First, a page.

Nancy Batson Crews: Alabama's First Lady of Flight

By Meyer, Alan D. | The Journal of Southern History, May 2011 | Go to article overview

Nancy Batson Crews: Alabama's First Lady of Flight


Meyer, Alan D., The Journal of Southern History


Nancy Batson Crews: Alabama's First Lady of Flight. By Sarah Byrn Rickman. (Tuscaloosa: University of Alabama Press, c. 2009. Pp. [xx], 207. Paper, $24.95, ISBN 978-0-8173-5553-1.)

Raised in a prosperous Birmingham, Alabama, household during the Great Depression, Nancy Batson Crews (1920-2001) claimed that she "majored in Southern belle" at the University of Alabama (p. 17). But, as Sarah Byrn Rickman's highly readable biography reveals, Crews was anything but a typical southern belle. She was one of a handful of women to earn her wings through the federal government's mostly male Civilian Pilot Training Program. During World War II, she flew for the Women's Auxiliary Ferrying Squadron (WAFS) and the Women Airforce Service Pilots (WASP), ferrying high-performance military aircraft from factories to air bases around the country. After the war she married and settled down as "a typical 1950s stay-at-home mom" (p. 84). The "flying bug" bit again in the 1960s (p. 83). After earning her Certified Flight Instructor rating and working as an instructor, Crews, with her husband's encouragement, bought an airplane and started her own business towing gliders. Later, she dabbled in politics and became a successful real estate developer. In the 1970s Crews helped push through federal legislation that granted long-overdue military veteran status to the women who had served with the WAFS and WASP.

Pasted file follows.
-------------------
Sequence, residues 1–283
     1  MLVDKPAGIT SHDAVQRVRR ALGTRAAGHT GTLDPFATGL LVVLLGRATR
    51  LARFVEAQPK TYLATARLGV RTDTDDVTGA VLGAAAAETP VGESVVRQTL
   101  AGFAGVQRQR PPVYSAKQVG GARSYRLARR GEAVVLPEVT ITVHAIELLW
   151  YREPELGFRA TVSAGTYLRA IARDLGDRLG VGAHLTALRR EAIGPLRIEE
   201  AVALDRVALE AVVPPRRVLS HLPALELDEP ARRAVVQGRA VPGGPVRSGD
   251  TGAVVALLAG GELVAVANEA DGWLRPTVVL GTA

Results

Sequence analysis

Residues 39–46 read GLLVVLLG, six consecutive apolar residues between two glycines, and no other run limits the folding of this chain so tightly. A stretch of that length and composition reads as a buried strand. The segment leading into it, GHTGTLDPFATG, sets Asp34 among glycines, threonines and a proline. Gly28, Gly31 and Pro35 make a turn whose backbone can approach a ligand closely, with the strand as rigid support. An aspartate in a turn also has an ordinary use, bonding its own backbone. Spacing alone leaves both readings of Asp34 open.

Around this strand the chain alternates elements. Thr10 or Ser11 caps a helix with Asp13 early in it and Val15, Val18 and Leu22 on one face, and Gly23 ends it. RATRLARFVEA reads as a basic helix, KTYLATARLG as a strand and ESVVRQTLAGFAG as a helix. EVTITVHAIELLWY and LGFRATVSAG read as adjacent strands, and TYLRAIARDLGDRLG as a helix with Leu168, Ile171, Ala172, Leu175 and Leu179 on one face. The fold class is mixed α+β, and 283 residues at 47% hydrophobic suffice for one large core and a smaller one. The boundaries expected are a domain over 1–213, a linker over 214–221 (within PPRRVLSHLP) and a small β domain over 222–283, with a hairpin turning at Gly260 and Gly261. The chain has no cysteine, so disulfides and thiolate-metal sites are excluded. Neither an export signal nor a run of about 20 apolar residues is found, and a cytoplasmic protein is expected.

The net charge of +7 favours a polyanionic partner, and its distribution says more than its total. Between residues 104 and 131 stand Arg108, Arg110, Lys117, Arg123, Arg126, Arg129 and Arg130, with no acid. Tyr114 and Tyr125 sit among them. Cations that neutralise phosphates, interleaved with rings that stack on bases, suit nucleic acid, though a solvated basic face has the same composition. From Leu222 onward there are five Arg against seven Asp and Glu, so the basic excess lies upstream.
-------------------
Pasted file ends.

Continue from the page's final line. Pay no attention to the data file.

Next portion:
Rickman draws on a wide variety of documents and secondary sources, but her best material comes from the many interviews she conducted with family, friends, and fliers who knew Crews. The author also developed a close personal friendship with her subject that, over time, yielded intimate insights into the personality of the charismatic yet intensely private Crews. The resulting book is far richer as a result, but the manner in which Rickman handles this relationship has a downside for readers. …

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